A day on the Tonle Sap River
Leaving Phnom Penh, Tuesday morning, I aged a year watching the deckhand cautiously nudge my fully loaded bike along the edge of the boat. I took one photo of what I thought maybe the last time I see my Trucker. I then turned my back and knew if I heard a splash it was “tour over.” Settling in for a look back upon a unique city I may never see again, I breathed a sigh of relief as the boat (with my bike) left promptly, 20 minutes late.
Floating villages along the Tonle Sap River
We passed three floating villages along the way to Chong Knaes, our destination. These villages are populated by people who fish for a living or transport goods along the river and its tributaries. While occasionally getting fresh air, I did use the opportunity to catch some needed sleep and prepare for the days ahead. Arriving at Chong Knaes, I relived the anxiety of the morning as they successfully unloaded my bike.
A low tire in a small town
As I wheeled up the boat landing I noticed the front tire was extremely low. Luckily, most Cambodian towns, no matter the size, (throughout Southeast Asia as well) have at least one motorbike repair shop. The mechanics, boys no older than 12 years of age, filled my tire and sent me on my way after refusing an offer of payment. Chong Knaes is the gateway to Siem Reap and the Angkor Wat temple complex. The small village is located 16-miles south of Angkor Wat. I had reserved a room at a “boutique hotel” run by an Australian couple and their French Chef.
Here I repaired my flat and was directed to the non-tourist area of town where I found dinner, again beef and rice. Watching a soccer match between local schools proved to be the highlight of the evening. I then wound my way through the maze of streets to the hotel for conversation and advice on how to experience Siem Reap tomorrow.
Pedaling the world’s 7th wonder
I found my breakfast ready and in the fridge near the hotel desk. The chef had prepared it to take with me today as I planned to leave before dawn. Leaving the hotel I rode through the maze of dark alleyway streets to the main road through Siem Reap. Last evening’s advice included directions to the only building where $36 tickets are sold to enter the Angkor Wat complex.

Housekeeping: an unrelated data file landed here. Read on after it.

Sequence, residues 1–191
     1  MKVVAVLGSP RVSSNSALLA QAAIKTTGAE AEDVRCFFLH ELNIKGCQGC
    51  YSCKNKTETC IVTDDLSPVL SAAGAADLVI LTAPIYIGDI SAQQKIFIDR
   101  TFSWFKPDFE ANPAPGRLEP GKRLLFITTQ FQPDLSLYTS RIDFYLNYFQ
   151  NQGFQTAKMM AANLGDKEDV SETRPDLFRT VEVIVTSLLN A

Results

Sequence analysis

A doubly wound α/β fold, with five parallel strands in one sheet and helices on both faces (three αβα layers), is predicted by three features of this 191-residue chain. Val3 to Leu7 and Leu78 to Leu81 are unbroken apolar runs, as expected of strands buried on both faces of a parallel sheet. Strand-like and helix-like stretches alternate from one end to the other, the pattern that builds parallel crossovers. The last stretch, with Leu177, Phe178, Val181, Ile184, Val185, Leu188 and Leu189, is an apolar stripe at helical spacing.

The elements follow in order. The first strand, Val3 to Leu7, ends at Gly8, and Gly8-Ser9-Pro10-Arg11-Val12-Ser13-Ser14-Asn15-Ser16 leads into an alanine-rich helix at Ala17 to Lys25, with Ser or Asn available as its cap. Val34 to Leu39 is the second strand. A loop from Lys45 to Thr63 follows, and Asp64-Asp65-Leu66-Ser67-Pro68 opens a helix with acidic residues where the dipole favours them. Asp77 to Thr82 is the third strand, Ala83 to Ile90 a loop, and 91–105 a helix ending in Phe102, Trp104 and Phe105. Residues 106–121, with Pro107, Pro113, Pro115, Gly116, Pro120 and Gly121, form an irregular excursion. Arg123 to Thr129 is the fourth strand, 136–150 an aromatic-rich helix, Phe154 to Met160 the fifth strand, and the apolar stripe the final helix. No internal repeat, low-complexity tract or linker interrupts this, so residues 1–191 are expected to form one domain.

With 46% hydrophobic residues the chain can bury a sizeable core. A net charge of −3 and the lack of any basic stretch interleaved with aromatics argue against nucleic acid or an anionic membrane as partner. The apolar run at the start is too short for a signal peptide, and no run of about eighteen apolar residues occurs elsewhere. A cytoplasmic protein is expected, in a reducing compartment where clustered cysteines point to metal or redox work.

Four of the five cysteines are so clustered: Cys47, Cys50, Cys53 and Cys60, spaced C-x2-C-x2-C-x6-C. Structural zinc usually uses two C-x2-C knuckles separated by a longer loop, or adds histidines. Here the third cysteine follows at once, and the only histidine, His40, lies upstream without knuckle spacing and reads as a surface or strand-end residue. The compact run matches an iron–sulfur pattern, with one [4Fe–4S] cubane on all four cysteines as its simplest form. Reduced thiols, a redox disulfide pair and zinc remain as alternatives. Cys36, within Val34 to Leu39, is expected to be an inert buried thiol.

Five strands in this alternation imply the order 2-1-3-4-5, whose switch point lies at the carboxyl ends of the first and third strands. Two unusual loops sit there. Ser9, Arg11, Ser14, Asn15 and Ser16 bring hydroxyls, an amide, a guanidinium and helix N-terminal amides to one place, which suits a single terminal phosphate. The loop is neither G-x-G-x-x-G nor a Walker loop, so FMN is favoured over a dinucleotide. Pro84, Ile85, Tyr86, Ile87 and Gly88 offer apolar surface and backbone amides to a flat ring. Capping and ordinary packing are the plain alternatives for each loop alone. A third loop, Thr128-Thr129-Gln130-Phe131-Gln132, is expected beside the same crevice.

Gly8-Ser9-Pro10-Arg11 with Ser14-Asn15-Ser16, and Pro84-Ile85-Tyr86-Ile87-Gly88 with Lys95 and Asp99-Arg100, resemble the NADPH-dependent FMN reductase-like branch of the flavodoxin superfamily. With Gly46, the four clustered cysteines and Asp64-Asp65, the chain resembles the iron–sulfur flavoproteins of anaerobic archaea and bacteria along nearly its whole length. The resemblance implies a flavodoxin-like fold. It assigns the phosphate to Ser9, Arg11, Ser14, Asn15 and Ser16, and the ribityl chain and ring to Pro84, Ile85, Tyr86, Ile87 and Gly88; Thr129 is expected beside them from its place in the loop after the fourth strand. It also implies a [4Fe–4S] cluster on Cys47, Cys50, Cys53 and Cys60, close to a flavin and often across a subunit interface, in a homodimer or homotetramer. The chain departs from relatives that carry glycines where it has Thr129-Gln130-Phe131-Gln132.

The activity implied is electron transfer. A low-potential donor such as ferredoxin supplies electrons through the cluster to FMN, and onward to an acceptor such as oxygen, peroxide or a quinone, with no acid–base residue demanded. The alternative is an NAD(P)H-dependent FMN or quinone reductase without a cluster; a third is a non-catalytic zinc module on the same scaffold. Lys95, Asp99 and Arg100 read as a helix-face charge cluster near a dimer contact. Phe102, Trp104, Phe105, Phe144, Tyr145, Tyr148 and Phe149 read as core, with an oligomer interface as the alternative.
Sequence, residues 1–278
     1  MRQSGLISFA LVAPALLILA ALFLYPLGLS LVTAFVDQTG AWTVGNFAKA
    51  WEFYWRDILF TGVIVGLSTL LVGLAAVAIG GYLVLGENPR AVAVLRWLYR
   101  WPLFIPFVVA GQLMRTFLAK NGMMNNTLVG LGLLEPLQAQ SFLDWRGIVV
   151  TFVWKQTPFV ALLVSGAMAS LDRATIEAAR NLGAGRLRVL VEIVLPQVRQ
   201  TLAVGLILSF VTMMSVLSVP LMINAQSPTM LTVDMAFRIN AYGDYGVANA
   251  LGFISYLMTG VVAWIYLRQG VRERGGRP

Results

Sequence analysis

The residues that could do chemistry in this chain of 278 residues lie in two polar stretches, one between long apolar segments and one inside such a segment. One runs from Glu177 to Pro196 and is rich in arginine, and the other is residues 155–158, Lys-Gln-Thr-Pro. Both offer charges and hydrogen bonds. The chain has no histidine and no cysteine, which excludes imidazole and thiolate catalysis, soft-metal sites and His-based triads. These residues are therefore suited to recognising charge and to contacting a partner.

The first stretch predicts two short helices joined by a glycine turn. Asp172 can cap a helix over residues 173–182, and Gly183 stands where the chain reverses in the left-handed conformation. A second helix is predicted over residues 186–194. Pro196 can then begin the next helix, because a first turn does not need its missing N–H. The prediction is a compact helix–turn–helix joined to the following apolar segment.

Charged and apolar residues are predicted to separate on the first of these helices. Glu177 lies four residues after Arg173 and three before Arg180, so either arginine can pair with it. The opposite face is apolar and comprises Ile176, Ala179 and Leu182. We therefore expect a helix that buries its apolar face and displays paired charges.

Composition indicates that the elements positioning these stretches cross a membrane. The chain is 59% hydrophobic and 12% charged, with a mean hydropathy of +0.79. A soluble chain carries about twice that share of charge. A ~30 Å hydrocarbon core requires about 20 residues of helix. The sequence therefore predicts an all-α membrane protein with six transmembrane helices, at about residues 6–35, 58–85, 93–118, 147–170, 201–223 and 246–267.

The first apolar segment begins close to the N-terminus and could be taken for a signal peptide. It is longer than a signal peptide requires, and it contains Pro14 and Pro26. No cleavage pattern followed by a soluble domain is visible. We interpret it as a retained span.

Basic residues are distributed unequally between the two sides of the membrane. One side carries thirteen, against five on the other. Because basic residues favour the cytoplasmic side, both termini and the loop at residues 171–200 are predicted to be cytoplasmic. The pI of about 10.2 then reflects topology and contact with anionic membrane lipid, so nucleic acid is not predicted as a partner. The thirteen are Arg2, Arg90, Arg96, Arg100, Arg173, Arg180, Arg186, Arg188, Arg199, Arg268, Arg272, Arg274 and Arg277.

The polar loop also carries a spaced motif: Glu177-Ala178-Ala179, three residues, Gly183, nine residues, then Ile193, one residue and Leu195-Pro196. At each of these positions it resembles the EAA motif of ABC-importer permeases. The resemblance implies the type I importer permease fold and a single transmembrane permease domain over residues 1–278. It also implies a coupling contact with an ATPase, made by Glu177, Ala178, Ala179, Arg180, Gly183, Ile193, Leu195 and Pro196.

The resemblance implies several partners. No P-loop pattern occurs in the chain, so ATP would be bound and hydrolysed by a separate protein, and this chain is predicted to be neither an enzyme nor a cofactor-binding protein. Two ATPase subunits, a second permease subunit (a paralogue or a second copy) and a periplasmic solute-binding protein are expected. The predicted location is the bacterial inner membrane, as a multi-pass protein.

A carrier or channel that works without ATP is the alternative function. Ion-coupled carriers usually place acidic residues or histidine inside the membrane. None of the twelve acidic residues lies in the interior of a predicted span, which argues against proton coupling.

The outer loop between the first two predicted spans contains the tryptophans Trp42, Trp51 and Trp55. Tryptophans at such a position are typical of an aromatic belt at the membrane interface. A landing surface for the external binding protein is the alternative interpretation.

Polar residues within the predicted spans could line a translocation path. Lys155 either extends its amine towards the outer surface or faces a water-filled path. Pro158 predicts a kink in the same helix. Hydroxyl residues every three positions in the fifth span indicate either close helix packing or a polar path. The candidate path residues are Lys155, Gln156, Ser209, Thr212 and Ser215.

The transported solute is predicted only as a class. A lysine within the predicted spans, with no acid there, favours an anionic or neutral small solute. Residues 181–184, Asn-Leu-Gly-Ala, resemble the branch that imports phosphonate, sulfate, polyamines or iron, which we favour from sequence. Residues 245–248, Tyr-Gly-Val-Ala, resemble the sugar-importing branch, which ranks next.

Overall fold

A huge area with only six gated entrances
Imagine an area many miles square with only six gated entrances where tickets/passes are checked – I think you have a rough idea of the complex. The entire archeological area set aside by the Cambodian government encompasses 154 square miles that include forests and small villages. The area is home to both the famed Angkor Wat and Angkor Thom temples built in the 12th century by the Khmer King Suryyavarman.
The day was cloudy so hopes of a brilliant sunrise over the temples were not realized. The silver lining was arriving before the throngs of tourists to this seventh wonder of the world. These grand temples and stone carvings built with ancient engineering mesmerized me. There were many tourists on bikes; with bike rental shops in Siem Reap and no lack of bicycle racks at either complex.
Trees growing throughout the temples remains
I rode the “ring” roads around each complex entering at the main walkway at Angkor Wat while riding to different ruin access points in Angkor Thom. Thom looked much more ancient with its iconic trees growing through, around and over the remains of temples, walls, and walkways. The vendors here were more aggressive than other areas I encountered along this journey. Most bicycle tourers, I know, travel to meet people and experience cultures. Purchasing souvenirs can become problematic while touring. I did purchase a $1 coffee, the most expensive coffee of the entire trip.